Paradise 101 | Bonds and Overrides
Monday, January 24, 2022
In a conversation with Jill Barragan, assistant superintendent of Business Operations, we discussed the role of bonds and overrides in school districts. And, how these financial tools impact our students and staff.
Jill, school finance is certainly complicated, can you help explain why public school districts in Arizona need to go out for voter-approved initiatives?
Yes, school finance is certainly as complicated as it sounds. During the past decade, school district budgets have been cut significantly in capital funds. Funding has been restored for capital, and we now receive automatic inflation of up to 2% for our primary operations fund; however, that doesn't keep up with the inflation we are currently seeing, nor does it help us to catch up from what we had been cut previously. We don't receive inflation on the capital formula, just operations. Furthermore, the School Facilities Board hasn't been funding a significant portion of districts' capital needs for nearly 15 years. A formula program was changed to a grant program with much less funding, and new school construction funding wasn't adjusted until this last legislative session.
Our formulas, which haven't been revised since 1980, are designed with minimum adequacy in mind. Unlike public school districts, public charters automatically have the value of voter initiatives embedded into their formula without a need to call for an election. In order for school districts to compete, they must pass local initiatives. The alternative would be to offer lower teacher pay, have higher class sizes, limit programs, and sacrifice facilities maintenance.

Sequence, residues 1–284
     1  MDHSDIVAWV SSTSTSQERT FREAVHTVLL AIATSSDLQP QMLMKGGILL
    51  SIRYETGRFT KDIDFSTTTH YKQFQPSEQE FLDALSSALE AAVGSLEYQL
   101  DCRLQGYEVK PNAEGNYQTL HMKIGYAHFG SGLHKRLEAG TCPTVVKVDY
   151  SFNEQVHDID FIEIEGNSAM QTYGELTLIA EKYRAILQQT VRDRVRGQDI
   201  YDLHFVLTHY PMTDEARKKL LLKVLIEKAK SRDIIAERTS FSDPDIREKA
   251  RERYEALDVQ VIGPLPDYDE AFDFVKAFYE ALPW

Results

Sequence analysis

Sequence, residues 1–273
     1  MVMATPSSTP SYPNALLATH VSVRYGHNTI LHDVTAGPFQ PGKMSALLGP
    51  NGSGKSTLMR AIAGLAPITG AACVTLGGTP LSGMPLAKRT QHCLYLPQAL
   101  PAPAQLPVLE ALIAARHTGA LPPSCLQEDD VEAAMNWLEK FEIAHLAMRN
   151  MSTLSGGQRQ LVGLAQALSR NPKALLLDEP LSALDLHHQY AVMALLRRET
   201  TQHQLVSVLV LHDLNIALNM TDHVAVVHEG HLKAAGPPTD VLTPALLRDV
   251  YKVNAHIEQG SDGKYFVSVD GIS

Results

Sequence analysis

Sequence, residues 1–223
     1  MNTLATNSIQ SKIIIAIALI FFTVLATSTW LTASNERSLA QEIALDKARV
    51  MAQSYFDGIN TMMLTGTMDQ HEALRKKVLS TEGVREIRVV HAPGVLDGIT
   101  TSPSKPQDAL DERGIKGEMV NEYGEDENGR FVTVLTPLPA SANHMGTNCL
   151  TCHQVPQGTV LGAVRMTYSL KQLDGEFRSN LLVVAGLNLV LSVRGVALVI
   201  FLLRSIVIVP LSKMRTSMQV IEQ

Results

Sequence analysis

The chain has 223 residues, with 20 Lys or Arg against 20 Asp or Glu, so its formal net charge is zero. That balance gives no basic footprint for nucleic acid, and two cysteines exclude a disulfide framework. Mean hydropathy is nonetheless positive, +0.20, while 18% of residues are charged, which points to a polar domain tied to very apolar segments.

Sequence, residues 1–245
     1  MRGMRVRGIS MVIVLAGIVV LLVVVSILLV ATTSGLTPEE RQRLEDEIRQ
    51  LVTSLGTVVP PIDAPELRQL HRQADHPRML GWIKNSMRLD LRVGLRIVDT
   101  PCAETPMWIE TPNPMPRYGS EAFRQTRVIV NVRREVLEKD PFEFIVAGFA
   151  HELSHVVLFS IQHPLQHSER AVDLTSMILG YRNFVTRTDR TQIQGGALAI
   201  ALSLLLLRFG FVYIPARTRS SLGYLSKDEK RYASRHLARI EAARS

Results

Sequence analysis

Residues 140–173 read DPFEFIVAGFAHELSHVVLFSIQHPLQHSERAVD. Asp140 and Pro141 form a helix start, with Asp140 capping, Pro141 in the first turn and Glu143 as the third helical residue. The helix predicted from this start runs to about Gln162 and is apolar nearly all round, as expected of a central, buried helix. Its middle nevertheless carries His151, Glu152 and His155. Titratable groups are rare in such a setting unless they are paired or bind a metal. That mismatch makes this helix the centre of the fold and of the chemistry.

So, since these bonds and overrides really keep a lot of things in place, when voters receive their ballots, what do they need to know? What's the difference between a bond and an override?
There are significant differences between a bond and an override. A bond allows district funding for capital expenditures. It's like a mortgage. It's a debt you finance over a long period of time to pay off big items like buses, a roof replacement, or the construction of a new building.
An override increases the annual funding that districts have available to address ongoing needs. An M&O (Maintenance and Operation) Override will typically support teacher salaries, and a DAA (District Additional Assistance) Override would support short-term capital needs like technology devices and equipment for students and staff. If a district does not have support for any of the three initiatives, there is less funding available to address teacher compensation, class size, programs, and other items that are usually funded with the per-pupil formula. PVSchools uses its M&O Override to provide competitive salaries, special area classes, and safe and healthy school environments.
Definitely important expenses. How does a school district decide which projects they want to be approved?